by Paul West
Let’s suppose, for the sake of argument, you were a front office executive for an MLB team. Let’s say someone were to offer you a player with decent speed on the bases, a monstrous throwing arm, and once-in-a-generation defensive ability in center field? Let’s say said player was spoken of in the same breath as Devon White and a young Andruw Jones, and “where extra base hits go to die” was said of him routinely by a respected veteran announcer. Let’s say the primary remaining caveat about said player is that he’d bat around .260, with relatively even splits against righties and lefties. Let’s say, finally, that this player is 27 years old–which is to say, probably entering his peak–and had batted .348 in the previous year’s postseason, putting together consistently good at bats against tough pitching?
Would you give this young man a legitimate chance to stake his claim as your everyday center fielder?
The New York Mets have a player who fits the above description: Juan Lagares, who’s currently fifth on the team in batting average while they continue to find excuses to manufacture a dilemma in center field.
In the offseason, they brought in Alejandro DeAza, largely because they thought they’d lose Yoenis Cespedes but also because of DeAza’s ability to play center field. Once they re-signed Cespedes, they attempted to shoe-horn him into center field–and he began to pile up lower-body injuries, playing a position for which he’s suited to play well occasionally but not for an entire season. Cespedes himself has since recognized that struggling to play center field has contributed to his lingering injury problem; the Mets’ response, astoundingly, has been to wonder aloud if Michael Conforto is the solution in center. Yes, the same Michael Conforto whose struggles at the plate were cause for a brief demotion to let him clear his head. Yes, the same Michael Conforto who’s played center field only sporadically in recent years. Meanwhile, it’s actually been said in all seriousness that the Mets lack “a true center fielder,” as if a Gold Glove center fielder isn’t staring them in the face from the confines of their own clubhouse.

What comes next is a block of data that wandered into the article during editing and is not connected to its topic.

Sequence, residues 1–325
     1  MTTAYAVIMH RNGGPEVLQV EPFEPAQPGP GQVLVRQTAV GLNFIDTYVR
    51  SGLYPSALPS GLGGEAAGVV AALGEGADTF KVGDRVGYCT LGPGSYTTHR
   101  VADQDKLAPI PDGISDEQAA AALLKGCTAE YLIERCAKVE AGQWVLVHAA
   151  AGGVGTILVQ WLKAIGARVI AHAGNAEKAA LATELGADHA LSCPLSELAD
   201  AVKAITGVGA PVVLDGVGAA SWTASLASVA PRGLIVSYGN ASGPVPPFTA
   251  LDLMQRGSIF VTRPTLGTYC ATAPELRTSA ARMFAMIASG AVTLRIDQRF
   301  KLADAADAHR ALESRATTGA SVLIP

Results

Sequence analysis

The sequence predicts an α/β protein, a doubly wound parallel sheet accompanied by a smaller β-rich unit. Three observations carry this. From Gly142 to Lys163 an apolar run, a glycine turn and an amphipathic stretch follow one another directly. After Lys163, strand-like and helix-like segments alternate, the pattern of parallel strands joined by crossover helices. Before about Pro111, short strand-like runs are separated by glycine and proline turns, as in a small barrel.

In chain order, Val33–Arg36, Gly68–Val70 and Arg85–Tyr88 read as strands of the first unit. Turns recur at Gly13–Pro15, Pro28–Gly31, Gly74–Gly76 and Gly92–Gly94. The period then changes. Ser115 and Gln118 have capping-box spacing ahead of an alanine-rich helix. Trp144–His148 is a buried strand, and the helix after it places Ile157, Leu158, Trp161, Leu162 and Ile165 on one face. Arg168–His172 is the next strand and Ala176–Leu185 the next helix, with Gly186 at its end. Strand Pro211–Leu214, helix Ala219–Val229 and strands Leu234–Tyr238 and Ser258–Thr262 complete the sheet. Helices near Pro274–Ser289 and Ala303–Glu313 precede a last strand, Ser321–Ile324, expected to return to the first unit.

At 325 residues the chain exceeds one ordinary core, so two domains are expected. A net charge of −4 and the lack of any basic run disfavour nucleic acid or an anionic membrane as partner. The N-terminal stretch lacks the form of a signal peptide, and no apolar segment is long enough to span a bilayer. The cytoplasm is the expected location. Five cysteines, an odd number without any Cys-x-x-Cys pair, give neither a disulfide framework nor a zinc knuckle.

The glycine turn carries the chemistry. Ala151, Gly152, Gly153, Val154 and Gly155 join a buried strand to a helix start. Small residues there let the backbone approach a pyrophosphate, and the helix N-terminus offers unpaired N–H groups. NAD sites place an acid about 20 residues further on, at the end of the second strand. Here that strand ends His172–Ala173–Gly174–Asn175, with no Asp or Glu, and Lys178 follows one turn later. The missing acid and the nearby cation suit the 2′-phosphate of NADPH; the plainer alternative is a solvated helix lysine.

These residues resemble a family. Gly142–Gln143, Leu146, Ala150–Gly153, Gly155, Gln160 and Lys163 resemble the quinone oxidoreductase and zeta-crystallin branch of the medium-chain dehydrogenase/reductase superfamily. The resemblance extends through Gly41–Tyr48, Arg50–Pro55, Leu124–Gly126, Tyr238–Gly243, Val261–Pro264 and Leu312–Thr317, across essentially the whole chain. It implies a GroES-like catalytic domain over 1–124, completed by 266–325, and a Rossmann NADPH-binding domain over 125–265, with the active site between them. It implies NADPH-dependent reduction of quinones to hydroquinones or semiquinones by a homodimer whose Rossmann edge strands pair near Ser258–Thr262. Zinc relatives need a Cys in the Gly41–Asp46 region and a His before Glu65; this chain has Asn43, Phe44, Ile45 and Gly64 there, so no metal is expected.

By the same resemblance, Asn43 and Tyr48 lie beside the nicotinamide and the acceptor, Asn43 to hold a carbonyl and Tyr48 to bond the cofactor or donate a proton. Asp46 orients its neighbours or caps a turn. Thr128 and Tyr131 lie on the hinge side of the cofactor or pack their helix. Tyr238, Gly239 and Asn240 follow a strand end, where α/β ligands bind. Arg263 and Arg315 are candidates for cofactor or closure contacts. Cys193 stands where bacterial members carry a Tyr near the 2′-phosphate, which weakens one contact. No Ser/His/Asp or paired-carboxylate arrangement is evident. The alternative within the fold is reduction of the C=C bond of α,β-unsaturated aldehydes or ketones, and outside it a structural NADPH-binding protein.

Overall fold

It seems that Mets management would rather see a Gold Glove corner outfielder risk injury, covering more ground than he should be asked to cover, in center, than an actual Gold Glove center fielder cover ground with jaw-dropping fluidity. That, or force a budding young superstar, already struggling with a sophomore slump at the plate, to learn center field on the job while recovering from a brutal slump–again, instead of letting center field go back to being “where extra base hits go to die.”
To state it as plainly as possible: Yoenis Cespedes is a Gold Glove corner outfielder. Michael Conforto is a good corner outfielder. Juan Lagares is an outstanding center fielder. Meanwhile, Curtis Granderson is experienced at all three positions, and would probably adapt most effectively to a role as a fourth outfielder while continuing to be a valuable presence in the clubhouse–but this is apparently an option not even being considered.
Between this, and looking for excuses not to play Wilmer Flores, it seems the Mets have forgotten what to do with the talent they themselves have cultivated. Meanwhile, the Mets’ chances of defending their pennant continue to wane.